As time passes, the meditator comes to experience various painful feelings in the body. Just after awareness of one feeling arises, another feeling arises somewhere else. The meditator follows these feelings and focuses awareness on each. Although the meditator is engaged in watching feelings as they arise, only the initial phase of 'arising' is perceived and not the final phase of dissolution. Similarly, as mental images arise one is aware of their arising but not aware of the moment of their dissolution. In this way, the meditator understands clearly that all mental and material processes are conditioned and conditioning. Apart from these processes, there is no person or self who performs or governs the phenomenal world.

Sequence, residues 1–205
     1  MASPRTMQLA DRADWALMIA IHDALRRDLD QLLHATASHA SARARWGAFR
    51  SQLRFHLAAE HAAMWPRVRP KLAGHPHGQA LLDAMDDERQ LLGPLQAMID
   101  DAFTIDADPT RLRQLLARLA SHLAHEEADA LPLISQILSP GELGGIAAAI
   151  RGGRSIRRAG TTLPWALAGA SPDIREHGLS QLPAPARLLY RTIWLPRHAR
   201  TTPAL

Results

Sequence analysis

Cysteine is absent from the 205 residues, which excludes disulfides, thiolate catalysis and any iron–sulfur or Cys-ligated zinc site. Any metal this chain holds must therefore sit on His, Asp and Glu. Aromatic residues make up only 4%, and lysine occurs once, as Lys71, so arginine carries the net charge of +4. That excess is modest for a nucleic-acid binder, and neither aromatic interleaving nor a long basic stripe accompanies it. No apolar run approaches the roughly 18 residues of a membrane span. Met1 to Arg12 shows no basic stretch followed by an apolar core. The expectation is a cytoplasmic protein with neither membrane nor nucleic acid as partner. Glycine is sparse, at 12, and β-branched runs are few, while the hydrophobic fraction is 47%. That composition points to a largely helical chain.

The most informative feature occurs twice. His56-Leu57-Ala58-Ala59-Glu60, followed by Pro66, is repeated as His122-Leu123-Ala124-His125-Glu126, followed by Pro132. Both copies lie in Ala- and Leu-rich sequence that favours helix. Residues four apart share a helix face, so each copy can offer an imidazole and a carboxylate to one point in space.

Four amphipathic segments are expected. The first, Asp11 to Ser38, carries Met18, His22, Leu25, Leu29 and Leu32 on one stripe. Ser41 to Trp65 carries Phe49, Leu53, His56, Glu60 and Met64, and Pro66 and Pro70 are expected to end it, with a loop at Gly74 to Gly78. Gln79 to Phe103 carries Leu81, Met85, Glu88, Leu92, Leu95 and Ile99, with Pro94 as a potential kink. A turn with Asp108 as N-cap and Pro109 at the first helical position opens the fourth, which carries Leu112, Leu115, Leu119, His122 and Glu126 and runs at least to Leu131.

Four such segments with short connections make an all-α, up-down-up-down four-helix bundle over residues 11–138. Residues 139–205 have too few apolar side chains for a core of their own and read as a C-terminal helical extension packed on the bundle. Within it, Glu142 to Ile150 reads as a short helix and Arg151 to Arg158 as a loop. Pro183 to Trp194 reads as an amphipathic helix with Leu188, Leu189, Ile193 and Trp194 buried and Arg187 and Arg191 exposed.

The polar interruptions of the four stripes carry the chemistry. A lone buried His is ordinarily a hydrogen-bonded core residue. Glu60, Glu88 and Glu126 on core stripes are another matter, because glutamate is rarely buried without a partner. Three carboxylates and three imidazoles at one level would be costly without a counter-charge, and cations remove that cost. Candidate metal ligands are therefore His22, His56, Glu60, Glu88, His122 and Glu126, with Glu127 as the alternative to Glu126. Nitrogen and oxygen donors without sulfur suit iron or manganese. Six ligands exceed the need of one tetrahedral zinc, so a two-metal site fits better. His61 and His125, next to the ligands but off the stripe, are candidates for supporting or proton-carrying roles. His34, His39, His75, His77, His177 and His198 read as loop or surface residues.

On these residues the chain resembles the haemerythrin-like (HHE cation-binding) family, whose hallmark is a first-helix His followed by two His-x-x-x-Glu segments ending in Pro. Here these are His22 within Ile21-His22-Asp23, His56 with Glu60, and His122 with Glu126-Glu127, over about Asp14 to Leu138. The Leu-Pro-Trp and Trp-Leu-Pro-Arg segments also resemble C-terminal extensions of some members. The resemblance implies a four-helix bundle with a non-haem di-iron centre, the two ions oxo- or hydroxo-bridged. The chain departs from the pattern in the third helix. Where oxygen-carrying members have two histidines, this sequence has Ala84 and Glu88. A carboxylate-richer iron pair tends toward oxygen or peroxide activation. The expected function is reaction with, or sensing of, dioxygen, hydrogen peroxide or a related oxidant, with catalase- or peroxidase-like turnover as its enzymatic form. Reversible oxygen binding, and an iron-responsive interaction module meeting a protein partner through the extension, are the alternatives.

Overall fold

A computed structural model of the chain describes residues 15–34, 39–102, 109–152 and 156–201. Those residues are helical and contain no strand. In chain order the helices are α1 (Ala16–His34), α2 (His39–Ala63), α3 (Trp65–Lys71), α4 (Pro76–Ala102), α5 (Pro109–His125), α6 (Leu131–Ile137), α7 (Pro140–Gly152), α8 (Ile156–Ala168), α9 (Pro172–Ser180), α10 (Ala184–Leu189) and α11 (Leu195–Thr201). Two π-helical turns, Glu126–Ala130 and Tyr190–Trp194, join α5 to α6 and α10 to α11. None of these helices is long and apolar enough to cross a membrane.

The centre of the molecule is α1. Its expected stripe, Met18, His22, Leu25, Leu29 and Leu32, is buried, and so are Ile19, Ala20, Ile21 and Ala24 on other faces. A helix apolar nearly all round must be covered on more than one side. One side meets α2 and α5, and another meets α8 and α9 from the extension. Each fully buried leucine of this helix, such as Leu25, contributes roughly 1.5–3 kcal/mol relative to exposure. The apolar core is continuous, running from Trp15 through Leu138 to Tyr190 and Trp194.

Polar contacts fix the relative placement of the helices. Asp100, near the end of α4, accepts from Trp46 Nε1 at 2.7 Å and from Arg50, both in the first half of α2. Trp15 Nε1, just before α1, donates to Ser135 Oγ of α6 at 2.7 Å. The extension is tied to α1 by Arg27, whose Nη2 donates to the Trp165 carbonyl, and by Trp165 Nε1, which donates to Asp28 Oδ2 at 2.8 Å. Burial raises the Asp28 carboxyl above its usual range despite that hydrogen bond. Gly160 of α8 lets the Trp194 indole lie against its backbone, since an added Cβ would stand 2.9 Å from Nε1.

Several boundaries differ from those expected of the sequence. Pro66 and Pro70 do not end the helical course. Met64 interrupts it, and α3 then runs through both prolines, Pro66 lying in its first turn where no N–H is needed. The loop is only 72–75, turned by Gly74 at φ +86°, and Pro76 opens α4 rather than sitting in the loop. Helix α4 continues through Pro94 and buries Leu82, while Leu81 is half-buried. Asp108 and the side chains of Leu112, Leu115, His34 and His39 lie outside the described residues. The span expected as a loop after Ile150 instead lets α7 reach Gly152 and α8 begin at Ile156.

As the meditator continues to practise with perfect awareness and concentration, he or she becomes aware that every process of the mind and body being observed is subject to change. All of them are impermanent, all merely arise and then pass away. This knowledge is called the insight that observes, explores, and grasps impermanence. By realising that all mental and physical phenomena are impermanent, the meditator recognises that they are not worth cherishing and regards them as a form of suffering. He or she comprehends that they are absent of self and simply impersonal processes. He or she has clear awareness of the arising and passing of the mental and material processes at every moment. The comprehension that arises by means of direct experience is called insight by comprehension of phenomena. As the meditator focuses attention on these psychophysical phenomena, the arising and dissolution of each process becomes obvious. This is insight of arising and passing away. As a result of insight, various phenomena arise in the mind; they may include brilliant light, strong mindfulness, strong or lucid awareness, firm faith, rapture, tranquillity of mind, sublime happiness that suffuses the body, vigour, equanimity. The danger here is that the meditator may feel a liking or subtle attachment to these phenomena. Initially, the meditator is delighted with these experiences and believes he or she has attained the goal. However, when these phenomena are seen in the light of objective awareness the meditator soon realises that they are mere phenomena, subject to change, and as such are corruptions of insight.